The Patterdale Terrier comes from the Lake District region of England. They were first bred during the 1960’s as a working dog. The breed was used by farmers to protect newborn lambs from foxes. They were also capable of hunting foxes and digging them out of their dens to dispatch them. They are skilled hunters of all types of vermin.
Patterdales are fearless and active dogs. They enjoy playing and get along well with respectful children and even other dogs. They are ok with cats if raised with them from an early age, though this varies from dog to dog. Some will simply not get on with their feline counterparts. They are usually ok with strangers, though like with many other breeds they will need early socialisation to get them used to different people being around them. Getting out and about, introducing them to other dogs, people and landscape will all help them get used to the idea of change and prevent a shy, drawn-back dog in adulthood.
The Patterdale has a strong hunting instinct that can never fully be quelled. They will try to chase after anything that moves, this includes birds, cats, bikes and even cars. Strict training will be needed to prevent any unwanted accidents, as this breed seems to be quite good at getting into trouble. They can be mischievous and sneaky in order to get their own way, but their fun personalities outweigh their naughtiness. They love being around people, though they aren't over demanding of said attention and will happily lie down on their own after a walk. Agility, Flyball and Terrier racing are all good ways to keep them both physically and mentally active.
Patterdales are loyal, happy dogs who will enjoy a good cuddle session on the couch or a play session out in the garden. They are generally quiet in the home. They also like being warm when they sleep so they will seek out the snuggest place to sleep in, usually your bed. Bear in mind that these are dogs that were bred for hunting and working, they need the physical exercise that reflects this. A quick walk around the block won't satisfy this dog, ideally they should have a chance to run about and explore. All this being said, make sure that they are in a secure area when off-lead, as if they spot anything that they think they can chase down, they’ll be off. Recall is only good when there is nothing more interesting going on around them. They are a greedy breed, though you can use this to your advantage by using food rewards during training to get better results out of them.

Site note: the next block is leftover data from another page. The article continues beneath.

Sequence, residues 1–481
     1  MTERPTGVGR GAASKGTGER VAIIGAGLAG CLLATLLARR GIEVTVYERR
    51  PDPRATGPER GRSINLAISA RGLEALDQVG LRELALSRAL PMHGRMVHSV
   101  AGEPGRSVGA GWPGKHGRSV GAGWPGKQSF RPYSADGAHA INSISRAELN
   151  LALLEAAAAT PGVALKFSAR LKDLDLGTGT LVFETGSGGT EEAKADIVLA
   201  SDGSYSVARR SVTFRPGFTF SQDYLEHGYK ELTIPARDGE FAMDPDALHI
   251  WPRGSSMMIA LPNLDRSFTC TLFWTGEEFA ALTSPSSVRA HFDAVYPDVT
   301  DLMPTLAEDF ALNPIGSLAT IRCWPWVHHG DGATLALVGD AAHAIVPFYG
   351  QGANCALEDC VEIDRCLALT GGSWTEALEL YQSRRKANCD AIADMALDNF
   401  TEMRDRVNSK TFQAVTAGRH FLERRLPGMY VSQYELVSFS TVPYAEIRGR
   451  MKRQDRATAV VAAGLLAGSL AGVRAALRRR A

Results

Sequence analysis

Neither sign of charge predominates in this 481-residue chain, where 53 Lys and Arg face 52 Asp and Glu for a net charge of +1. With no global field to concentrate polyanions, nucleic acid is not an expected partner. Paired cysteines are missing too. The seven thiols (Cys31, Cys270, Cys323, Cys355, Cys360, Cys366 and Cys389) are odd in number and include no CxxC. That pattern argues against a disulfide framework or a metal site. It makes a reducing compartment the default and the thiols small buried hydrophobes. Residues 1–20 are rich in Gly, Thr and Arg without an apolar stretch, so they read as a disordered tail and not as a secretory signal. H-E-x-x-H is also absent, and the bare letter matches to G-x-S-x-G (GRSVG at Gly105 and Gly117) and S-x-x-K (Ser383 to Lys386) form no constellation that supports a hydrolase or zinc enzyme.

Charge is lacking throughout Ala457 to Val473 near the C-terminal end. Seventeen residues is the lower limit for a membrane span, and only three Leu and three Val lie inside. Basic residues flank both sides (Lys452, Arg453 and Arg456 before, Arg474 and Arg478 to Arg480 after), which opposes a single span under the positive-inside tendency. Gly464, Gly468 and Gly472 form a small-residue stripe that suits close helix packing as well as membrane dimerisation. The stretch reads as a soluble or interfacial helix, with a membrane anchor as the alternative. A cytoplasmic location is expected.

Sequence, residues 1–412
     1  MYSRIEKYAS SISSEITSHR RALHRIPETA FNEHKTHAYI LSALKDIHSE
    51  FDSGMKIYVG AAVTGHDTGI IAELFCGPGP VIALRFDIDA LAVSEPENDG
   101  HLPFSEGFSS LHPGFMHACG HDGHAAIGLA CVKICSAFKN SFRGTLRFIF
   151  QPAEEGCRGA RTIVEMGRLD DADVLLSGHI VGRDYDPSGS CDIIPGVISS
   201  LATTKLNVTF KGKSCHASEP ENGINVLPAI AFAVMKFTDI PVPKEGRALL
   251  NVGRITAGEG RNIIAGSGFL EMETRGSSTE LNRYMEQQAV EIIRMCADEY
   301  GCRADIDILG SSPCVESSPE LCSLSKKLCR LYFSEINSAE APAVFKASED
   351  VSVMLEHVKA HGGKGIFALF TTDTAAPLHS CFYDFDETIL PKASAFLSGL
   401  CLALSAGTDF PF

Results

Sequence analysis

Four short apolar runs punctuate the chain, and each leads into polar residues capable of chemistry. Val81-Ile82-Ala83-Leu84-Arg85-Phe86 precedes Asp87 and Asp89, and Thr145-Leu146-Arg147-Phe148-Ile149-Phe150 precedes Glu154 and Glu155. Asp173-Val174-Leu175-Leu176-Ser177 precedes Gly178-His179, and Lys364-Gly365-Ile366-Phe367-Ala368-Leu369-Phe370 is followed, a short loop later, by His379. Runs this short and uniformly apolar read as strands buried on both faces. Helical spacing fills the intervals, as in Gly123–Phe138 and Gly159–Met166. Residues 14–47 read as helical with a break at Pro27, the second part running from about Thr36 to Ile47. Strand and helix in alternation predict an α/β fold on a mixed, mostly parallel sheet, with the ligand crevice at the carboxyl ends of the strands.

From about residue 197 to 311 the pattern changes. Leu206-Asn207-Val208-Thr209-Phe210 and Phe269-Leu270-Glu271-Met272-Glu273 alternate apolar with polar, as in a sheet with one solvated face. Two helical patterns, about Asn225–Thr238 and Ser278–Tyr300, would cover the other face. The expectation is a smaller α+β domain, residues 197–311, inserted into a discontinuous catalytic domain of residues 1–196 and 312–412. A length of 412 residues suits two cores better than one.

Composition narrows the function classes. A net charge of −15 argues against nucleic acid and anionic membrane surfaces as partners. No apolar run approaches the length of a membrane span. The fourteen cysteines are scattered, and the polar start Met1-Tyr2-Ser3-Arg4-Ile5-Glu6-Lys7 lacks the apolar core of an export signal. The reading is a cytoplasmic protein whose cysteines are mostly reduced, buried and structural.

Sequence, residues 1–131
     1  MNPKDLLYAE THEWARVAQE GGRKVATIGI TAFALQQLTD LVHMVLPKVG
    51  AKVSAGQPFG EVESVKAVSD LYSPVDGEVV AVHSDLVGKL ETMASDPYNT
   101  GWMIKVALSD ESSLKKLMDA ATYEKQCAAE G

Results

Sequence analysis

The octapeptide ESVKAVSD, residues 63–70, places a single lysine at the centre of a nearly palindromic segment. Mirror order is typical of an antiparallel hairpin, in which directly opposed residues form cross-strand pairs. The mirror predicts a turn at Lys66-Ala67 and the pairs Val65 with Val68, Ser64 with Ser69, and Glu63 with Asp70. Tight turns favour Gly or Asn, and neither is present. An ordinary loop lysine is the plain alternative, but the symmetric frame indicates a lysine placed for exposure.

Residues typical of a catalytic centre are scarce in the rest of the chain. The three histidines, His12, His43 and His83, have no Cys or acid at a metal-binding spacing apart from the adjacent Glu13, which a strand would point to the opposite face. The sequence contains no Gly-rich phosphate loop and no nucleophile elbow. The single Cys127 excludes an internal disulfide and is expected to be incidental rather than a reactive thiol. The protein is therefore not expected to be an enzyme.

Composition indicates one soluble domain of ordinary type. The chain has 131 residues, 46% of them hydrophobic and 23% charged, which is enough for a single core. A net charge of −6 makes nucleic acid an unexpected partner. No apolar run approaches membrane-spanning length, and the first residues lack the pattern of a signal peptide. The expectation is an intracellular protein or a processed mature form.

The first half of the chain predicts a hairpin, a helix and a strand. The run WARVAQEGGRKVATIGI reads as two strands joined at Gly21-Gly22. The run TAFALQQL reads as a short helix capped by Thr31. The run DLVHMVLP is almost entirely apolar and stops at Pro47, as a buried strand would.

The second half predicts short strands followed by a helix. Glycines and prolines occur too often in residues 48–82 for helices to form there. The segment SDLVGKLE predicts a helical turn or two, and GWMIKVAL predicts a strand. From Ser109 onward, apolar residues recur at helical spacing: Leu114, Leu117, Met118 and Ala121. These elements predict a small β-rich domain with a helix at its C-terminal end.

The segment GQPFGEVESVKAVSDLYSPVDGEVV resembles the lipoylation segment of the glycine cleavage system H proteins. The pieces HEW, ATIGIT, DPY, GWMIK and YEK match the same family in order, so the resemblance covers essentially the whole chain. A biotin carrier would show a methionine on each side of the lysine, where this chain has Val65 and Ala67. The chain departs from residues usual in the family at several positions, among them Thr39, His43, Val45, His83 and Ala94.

Their coats are short and require little maintenance, a few brushes per week to remove dead hairs will be enough. Their claws, however, can be a problem and will require regular clipping otherwise they’ll grow too long. Be sure to get your dog used to having its paws touched from a young age to save yourself a lot of effort later down the line.
Patterdales are a fearless and friendly breed. They may fool you into thinking that they're soft by cuddling up next to you on the couch or in bed, but this can soon change when they switch to hunting mode. They are typical Terriers and have all the traits that reflect this. They are good enough with strangers but not so good with unfamiliar animals.
Patterdales are a healthy breed that rarely suffers from any major health concerns, though due to the fact that they always seem to have their head in something, eye conditions such as conjunctivitis can be a problem.
- Status: Common
- Life Expectancy: 11 - 13 years
- Weight: 11 - 13 lbs
- Height: 11- 12"
- Rare: No
- Coat: Short
- Grooming Requirements: Once a week
- Town or Country: Country
- Minimum Home Size: Small House
- Minimum Garden Size: Small to Medium Garden
- Breed Type: Pest Control Dog
- Size: Small
- Energy Level: High
- Exercise Required: Up to 1 hour
Latest Reviews For Patterdale Terrier
There are not yet any reviews for this breed. Click here to write one.